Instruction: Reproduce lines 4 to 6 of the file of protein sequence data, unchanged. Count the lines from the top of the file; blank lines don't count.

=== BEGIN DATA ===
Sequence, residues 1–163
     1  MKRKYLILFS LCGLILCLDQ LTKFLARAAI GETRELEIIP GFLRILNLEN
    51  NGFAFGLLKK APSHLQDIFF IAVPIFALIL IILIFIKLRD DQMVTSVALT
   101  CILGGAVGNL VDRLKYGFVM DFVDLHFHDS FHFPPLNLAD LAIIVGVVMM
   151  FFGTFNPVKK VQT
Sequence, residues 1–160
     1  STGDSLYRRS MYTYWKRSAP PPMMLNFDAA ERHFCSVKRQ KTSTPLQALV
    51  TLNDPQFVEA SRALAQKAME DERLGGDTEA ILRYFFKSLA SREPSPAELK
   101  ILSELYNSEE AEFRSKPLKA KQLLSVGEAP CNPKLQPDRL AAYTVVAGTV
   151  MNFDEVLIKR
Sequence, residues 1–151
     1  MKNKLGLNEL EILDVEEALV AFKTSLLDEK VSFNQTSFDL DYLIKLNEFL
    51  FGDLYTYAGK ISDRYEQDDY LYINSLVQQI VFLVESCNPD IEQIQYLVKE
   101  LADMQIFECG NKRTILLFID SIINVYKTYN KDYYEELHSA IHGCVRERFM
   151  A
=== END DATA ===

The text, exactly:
   101  CILGGAVGNL VDRLKYGFVM DFVDLHFHDS FHFPPLNLAD LAIIVGVVMM
   151  FFGTFNPVKK VQT
Sequence, residues 1–160